On 13 August 2019, the Federal Court dismissed ASIC’s case against Westpac and ordered it to pay Wesptac’s costs.[3] Perram J rejected ASIC’s first allegation that Westpac breached the NCCP Act on 261,987 occurrences by not using the consumer’s declared living expenses in answering the questions under s 131(2)(a) of the NCCP Act as the allegation failed on both facts and statutory construction.[4] Furthermore, Perram J rejected ASIC’s second allegation that Westpac breached the NCCP Act in calculating repayments on interest free loans based on the interest only period, as it is impossible to determine future repayments on a variable rate loan due to the potential for the interest rate to change over the term of the loan – whether the loan is interest-only, principal-and-interest or a combination of the two.[5]

Living expenses

One of the most pertinent aspects of Perram J’s judgment was in regards to assessment obligation under ss 128(c) and 129. Perram J held that those sections of the NCCP Act require a credit provider only to ask whether the consumer will not be able to comply with the financial obligations outlined in the contract or whether consumers could only comply with substantial hardship.[6] They do not impose a quality or accuracy requirement on the assessment; merely considering and evaluating the s 131(2) criteria for assessing unsuitability is sufficient.[7]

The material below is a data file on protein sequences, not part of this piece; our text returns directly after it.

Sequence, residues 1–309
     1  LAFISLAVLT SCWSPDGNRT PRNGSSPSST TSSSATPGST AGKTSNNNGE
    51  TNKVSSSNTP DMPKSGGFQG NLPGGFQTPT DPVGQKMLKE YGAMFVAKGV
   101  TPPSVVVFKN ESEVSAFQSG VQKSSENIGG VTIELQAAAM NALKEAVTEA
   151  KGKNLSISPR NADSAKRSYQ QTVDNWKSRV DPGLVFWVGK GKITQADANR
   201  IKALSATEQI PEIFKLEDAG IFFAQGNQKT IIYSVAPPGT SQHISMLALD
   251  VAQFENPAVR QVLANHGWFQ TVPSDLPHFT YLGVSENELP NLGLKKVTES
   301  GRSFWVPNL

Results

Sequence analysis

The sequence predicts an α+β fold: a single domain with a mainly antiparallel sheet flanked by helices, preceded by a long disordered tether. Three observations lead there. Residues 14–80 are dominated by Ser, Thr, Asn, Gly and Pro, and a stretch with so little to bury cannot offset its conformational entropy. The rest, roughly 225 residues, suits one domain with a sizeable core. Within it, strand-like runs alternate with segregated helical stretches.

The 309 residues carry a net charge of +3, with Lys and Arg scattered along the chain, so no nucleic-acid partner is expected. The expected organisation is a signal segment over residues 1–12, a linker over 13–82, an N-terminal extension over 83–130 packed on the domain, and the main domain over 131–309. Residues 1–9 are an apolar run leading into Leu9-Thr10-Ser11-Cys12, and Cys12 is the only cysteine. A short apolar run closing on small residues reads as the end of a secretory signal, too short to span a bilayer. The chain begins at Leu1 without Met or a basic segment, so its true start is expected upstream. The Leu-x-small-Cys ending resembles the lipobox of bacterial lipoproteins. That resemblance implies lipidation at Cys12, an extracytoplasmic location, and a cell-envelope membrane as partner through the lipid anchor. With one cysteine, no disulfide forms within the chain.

A customer’s declared living expenses were held not to be required to be taken into account in all cases, as the mere fact that they are characterised as living expenses did not make them relevant to the s 131(2)(a) criteria for unsuitability. Living expenses are only relevant if they cannot be reduced forgone or reduced beyond a fixed minimum.[8]

To conceptualise this argument, Perram J gave the widely reported example of a consumer who consumes “Wagyu beef washed down with the finest shiraz” on a daily basis – if they have a desire to obtain a new home they could survive on more modest food without suffering substantial hardship.[9] The fact that such expenditure is characterised as expenditure on “food” does not require it to be taken into account in determining whether or not the credit contract will be unsuitable. Whilst an extreme example, it illustrates the point that unsuitability can be assessed on the assumption consumer can be expected to compromise their lifestyle to some extent in order to be able to afford to repay a loan.